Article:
Dispersion (average difference between observed and mean) | Observed variance \(s\), Observed std. dev. \(s^2\) | Variance \(\mathrm{V}(\xi) = \mathrm{E}((\xi - \mu)^2)\), Standard deviation \(\sigma = \sqrt{\mathrm{V}(\xi)}\) |

Point estimates | \(\theta_{\mathrm{obs}}^*\) | \(\theta^*\) |

In this case, \(\theta\) represents any variable – in practise, this is often the expected value or standard deviation.

# Common Distributions

## Discrete

- Binomial distribution
- If you have an experiment with a yes-or-no outcome, where both results happen with the same probability every time, and you repeat that experiment \(n\) times, the number of times you’ll get the result with probability \(p\) is \(\mathrm{Bin}(n, p)\).
- Hypergeometric distribution
- \(\mathrm{Hyp}(N, n, p)\) essentially represents
a situation similar to the binomial case, except \(p\) represents the
*initial*probability, and the probability is adjusted after each experiment depending on \(N\) and the outcome. (Think: drawing from an urn without returning the drawn objects.) - Poisson distribution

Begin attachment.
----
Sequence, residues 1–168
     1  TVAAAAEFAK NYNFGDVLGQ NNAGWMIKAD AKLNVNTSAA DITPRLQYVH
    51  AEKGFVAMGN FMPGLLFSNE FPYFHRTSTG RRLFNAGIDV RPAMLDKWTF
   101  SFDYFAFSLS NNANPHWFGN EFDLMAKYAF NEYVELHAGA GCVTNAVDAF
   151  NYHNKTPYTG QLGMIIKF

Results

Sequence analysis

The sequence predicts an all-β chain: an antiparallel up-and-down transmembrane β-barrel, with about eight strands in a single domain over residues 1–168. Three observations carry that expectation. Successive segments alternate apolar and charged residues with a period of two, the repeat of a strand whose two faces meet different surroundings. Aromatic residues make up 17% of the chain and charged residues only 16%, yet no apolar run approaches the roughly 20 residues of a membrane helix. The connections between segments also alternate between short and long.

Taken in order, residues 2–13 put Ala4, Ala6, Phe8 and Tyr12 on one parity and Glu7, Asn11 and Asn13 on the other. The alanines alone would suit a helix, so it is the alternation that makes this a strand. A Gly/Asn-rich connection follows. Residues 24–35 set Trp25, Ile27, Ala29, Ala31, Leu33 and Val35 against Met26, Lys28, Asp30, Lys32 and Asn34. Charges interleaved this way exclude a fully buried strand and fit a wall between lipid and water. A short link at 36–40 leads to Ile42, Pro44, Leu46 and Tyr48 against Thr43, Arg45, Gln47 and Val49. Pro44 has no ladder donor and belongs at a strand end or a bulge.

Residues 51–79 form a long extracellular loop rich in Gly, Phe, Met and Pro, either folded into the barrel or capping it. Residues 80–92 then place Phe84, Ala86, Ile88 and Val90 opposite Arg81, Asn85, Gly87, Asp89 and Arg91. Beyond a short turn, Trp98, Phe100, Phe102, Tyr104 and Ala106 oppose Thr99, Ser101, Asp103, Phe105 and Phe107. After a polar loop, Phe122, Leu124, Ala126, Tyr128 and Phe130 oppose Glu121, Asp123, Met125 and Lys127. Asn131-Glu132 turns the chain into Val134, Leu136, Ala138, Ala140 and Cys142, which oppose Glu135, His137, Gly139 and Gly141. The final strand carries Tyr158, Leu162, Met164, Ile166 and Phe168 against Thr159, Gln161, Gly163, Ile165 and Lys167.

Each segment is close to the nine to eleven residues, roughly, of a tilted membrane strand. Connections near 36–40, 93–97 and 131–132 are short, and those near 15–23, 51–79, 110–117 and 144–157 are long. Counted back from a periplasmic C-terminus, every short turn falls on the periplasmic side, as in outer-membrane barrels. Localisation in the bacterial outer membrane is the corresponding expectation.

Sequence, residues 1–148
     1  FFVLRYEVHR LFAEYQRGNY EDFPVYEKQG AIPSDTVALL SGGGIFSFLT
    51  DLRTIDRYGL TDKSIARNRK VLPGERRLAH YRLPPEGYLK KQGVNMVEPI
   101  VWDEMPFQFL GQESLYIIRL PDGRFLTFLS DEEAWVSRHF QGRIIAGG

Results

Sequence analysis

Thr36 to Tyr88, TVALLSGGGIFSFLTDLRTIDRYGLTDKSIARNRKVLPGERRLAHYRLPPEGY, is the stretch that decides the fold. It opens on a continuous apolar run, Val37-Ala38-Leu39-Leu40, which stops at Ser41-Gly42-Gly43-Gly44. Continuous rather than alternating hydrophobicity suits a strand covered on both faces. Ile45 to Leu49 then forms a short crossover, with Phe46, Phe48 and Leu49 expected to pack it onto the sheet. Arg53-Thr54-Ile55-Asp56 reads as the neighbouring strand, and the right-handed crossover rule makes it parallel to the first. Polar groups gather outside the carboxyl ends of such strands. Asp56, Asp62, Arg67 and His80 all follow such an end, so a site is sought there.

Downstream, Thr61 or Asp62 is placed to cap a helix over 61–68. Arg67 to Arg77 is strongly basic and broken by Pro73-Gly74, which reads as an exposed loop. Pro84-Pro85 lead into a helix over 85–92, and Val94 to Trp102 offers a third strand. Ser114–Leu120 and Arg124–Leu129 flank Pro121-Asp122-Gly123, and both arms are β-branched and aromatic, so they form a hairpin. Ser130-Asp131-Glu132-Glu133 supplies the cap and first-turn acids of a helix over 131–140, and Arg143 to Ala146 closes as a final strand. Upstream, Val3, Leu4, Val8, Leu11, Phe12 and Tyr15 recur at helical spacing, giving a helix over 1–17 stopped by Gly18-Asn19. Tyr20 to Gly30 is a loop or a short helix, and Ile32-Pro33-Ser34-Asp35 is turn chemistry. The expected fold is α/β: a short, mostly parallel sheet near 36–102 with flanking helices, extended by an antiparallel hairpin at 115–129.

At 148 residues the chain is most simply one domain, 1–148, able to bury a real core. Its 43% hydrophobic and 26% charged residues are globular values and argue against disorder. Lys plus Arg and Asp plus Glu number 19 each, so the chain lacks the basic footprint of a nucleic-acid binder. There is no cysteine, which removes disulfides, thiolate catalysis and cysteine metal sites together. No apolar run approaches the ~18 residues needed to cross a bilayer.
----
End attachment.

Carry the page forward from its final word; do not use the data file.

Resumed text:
- In a situation where independent events happens at random intervals, the actual number of events in a time period is \(\mathrm{Po}(\lambda)\), where \(\lambda\) represents the average number of events in that time period.

## Continuous

- Exponential distribution
- Similar to the Poisson distribution, \(\mathrm{Exp}(\lambda)\) is the time you have to wait between independent events that happen at random intervals.
- Normal distribution
- Probably the most well-known continuous distribution, which gets its own chapter in the book. There are so many situations that can be modeled with the normal distribution that I’m not even going to try to give an example. Notation: \(\mathrm{N}(\mu, \sigma)\), where \(\mu\) is the expected value and \(\sigma\) is the standard deviation.

# Normal Distribution